A series of “border crossings” where Rebecca Moczulewski ventured out into the community, coming face to face with the poor, overcoming stereotypes and breaking down myths as she heard their stories, changed this artist’s life.
One border crossing was at Repairers of the Breach, Milwaukee’s only daytime shelter and resource center for the homeless, where she met director MacCanon Brown.
“She knew I was an artist (who was) staying home with the kids,” said Moczulewski of Brown. “She said if I could find the time and was interested in an art project, to get a hold of her.”
That was in 2004. The result is a series of watercolor paintings that will appear in a 2012 calendar, and be reproduced as murals for Repairers’ fence.
Moczulewski was inspired by the people and environment at Repairers’ headquarters, 1335 W. Vliet St., where she met with staff and clients, did quick sketches and snapped photos at the shelter.
Parish: Mary Queen of Heaven, West Allis
Occupation: Wife, mother, artist and development coordinator at SET Ministry, Milwaukee
Book recently read: “The Naked Now: Learning to See as the Mystics See,” by Richard Rohr
Favorite movie: “It’s a Wonderful Life”
Favorite quotation: “The most healing power on earth appears when imperfect people, dismissing all the signs to the contrary, know they have enormous power to bless this wounded world. We are to bless it as extravagantly, as wastefully, as passionately as God has blessed us.” – Patrick Malone
(Submitted photo courtesy Rebecca Moczulewski)
For the wife, mother, teacher and artist it was a labor of love, but also a challenge.
“We’re called to be bridges to our neighbors,” she said. “That led me to venture out of my bubble in New Berlin. And once I decided to take on this large art endeavor for the homeless, I had to consciously simplify my life. ”
The key, she laughed, “was that I stopped watching television.”
“Also, my husband (a CPA) is my partner, patron and co-collaborator in this ministry,” she added. “He supports me financially and emotionally – which every artist needs. Without his support and encouragement none of this would happen.”
Moczulewski’s art background includes a bachelor of fine arts from the University of Wisconsin-Milwaukee, as well as an art education teaching certificate for K-12.
“My faith is my core energy,” she said. “It fueled this whole project.”
While staying at home raising the couple’s two daughters, Moczulewski said she got involved with different, non-profit organizations as a volunteer, including JustFaith, a formation program which teaches Catholic social teaching, in order to develop compassion. She facilitated groups in three West Allis parishes.
“And then I started doing ‘border crossings’ with SET Ministry,” she added.
Brown told Moczulewski that she was looking for a positive image to brighten the chain link fence that surrounds the shelter.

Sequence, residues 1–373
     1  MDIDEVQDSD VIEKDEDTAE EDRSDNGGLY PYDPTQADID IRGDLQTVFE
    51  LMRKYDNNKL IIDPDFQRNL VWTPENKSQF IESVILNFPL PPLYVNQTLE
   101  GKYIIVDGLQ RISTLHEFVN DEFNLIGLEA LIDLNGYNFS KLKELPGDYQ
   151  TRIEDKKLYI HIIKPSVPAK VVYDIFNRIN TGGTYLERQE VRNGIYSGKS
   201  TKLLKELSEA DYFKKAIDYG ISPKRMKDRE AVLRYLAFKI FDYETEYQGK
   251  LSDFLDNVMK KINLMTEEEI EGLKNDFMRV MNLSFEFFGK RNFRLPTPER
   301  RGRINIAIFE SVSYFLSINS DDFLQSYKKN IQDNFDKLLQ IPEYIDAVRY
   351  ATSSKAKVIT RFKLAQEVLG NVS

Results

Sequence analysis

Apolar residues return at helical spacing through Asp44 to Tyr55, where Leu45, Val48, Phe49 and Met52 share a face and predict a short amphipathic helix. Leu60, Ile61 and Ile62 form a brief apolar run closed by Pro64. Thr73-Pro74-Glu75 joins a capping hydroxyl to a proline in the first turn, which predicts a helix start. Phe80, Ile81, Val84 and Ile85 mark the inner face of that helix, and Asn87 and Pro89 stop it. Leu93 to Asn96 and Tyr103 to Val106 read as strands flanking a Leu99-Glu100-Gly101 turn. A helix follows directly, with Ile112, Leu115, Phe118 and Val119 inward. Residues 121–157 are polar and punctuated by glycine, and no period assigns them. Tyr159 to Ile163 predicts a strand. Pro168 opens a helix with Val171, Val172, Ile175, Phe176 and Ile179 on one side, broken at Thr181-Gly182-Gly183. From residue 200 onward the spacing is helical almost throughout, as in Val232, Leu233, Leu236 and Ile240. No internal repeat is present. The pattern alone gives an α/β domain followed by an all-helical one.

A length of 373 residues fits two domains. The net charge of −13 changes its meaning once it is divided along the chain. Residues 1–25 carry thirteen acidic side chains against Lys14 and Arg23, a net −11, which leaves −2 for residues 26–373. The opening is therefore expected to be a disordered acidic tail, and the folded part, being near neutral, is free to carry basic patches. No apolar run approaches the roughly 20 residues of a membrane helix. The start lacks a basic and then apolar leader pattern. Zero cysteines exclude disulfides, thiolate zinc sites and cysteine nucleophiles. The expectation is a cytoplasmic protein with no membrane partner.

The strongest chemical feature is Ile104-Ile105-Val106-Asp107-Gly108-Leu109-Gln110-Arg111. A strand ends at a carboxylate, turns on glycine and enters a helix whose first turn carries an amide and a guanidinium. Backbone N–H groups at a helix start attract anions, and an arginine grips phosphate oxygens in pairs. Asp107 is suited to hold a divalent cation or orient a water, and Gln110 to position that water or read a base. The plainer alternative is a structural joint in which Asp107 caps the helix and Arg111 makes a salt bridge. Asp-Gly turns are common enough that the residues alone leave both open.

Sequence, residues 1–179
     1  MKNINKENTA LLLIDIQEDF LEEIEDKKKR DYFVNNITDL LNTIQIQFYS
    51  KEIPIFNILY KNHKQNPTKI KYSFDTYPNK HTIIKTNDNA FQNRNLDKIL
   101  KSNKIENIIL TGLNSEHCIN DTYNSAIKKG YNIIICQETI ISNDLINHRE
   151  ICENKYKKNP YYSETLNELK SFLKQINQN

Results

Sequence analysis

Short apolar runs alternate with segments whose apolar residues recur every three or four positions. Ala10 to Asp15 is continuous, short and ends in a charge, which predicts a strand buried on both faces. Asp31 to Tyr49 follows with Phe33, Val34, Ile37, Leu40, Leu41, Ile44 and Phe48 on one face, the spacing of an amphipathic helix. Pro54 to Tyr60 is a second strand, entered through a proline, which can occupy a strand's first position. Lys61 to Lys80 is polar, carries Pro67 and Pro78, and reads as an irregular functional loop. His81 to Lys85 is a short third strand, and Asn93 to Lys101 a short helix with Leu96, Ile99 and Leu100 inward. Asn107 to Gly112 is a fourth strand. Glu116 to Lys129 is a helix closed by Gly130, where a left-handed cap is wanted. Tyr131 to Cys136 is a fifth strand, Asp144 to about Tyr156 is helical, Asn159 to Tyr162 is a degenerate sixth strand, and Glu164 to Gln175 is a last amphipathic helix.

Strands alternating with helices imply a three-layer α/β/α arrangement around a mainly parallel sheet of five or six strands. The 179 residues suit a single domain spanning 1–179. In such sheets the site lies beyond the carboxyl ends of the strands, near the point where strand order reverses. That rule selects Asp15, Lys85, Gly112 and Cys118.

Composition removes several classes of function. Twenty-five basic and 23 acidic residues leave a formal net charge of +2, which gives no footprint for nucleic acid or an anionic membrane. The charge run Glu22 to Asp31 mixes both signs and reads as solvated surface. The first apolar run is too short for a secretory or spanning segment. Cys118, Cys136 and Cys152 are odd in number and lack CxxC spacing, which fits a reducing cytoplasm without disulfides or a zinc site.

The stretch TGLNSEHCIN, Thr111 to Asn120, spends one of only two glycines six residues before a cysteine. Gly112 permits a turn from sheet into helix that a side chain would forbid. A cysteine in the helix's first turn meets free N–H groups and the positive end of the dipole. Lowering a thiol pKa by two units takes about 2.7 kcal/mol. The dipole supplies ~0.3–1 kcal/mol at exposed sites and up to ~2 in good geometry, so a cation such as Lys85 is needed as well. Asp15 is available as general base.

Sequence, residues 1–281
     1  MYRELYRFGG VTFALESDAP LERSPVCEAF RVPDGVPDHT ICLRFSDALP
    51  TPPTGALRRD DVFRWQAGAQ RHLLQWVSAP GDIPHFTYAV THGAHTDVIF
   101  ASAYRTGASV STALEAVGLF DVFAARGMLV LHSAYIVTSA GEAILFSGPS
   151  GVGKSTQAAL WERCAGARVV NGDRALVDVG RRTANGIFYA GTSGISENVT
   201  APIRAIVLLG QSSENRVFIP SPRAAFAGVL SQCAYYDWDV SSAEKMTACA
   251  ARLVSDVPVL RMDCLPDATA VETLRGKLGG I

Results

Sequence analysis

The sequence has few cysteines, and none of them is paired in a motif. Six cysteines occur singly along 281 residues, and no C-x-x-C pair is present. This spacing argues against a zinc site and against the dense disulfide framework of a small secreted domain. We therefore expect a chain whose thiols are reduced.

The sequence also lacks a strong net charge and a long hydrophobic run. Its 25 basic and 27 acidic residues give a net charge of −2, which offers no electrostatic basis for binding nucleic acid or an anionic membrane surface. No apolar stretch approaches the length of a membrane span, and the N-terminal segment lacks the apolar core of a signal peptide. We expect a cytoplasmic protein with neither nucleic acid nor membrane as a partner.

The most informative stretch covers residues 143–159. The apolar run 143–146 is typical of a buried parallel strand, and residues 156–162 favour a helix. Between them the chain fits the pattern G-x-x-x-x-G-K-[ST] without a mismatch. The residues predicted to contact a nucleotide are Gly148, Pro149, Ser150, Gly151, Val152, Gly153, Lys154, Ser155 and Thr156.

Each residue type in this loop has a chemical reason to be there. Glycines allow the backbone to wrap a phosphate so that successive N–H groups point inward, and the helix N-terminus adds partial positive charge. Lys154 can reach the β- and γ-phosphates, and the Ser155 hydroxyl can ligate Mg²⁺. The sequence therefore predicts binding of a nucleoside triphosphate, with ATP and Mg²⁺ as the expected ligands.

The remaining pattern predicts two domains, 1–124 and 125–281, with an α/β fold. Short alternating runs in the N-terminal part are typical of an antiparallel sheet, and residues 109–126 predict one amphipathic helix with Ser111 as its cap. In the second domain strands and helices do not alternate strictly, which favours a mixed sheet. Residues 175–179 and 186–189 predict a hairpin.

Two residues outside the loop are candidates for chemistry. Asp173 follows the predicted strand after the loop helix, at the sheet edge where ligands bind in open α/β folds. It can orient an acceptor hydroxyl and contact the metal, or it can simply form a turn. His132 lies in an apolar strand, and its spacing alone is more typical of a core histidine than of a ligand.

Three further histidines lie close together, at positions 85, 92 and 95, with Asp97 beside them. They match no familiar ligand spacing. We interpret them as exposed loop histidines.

“The dimensions were 4’ x 8’; compositionally twice as wide as they are tall. That was tough for me. But that’s what was needed.
“I went online and did research into what other communities have done,” she said. “I also found a sign maker who would do digital prints on sheets of plastic-laminated, wood-core aluminum boards.”
“MacCanon is real big on telling the story of Repairers,” she said. “So we discussed a dozen characteristics or aspects that are important to the shelter.”
For inspiration, Moczulewski said she went to Repairers of the Breach about 12 to18 times.
“We spent a year just talking about it. I’d meet with the marketing committee; sit in on the daily meeting – a very powerful thing to witness. I met the community members who fill various volunteer posts throughout the day. Some are speakers, some are greeters, others run music and media, handle stations in the clothing center or unload vehicles.”
Moczulewski admitted it was awkward at first, but the people quickly put her at ease with their welcoming ways.
“I was treated like a guest, and many were intrigued by the project. They were incredibly hospitable. I took tons of photographs. I easily have more than 500,” she said.
She drew and painted for 18 months over the next two years – taking the summers off while her children were home from school.
“The hardest part was simplifying mylife enough to make the time to produce the work,” she said. “I had to focus and prioritize. I got very organized. And, of course, I stopped watching TV.”
First Moczulewski printed 100 photos from her collection.
“Then I played around: blowing some up, shrinking others, assembling compositions using various photographs. I did architectural renderings of the sign boards with the building’s new facade. I sketched out little studies; ending with 18 images, which I narrowed down to the 12,” she said.
She chose to create her work with watercolors, a medium that always intrigued her, but one she said she never had time to explore.
“When I was prayerful, I painted my best work,” she said. “When I let go of the fear of making mistakes, and just trusted, every brush stroke became a response to the intuition I felt in my gut. But it was difficult. To paint prayerfully I had to let go and trust.”
It was made easier “by my faith and purpose,” she said. “I come from a faith tradition that believes we see the face of God in those we meet. My hope is that other people can share a little piece through the paintings. And of course, I’m very interested in continuing a series of paintings that build bridges.”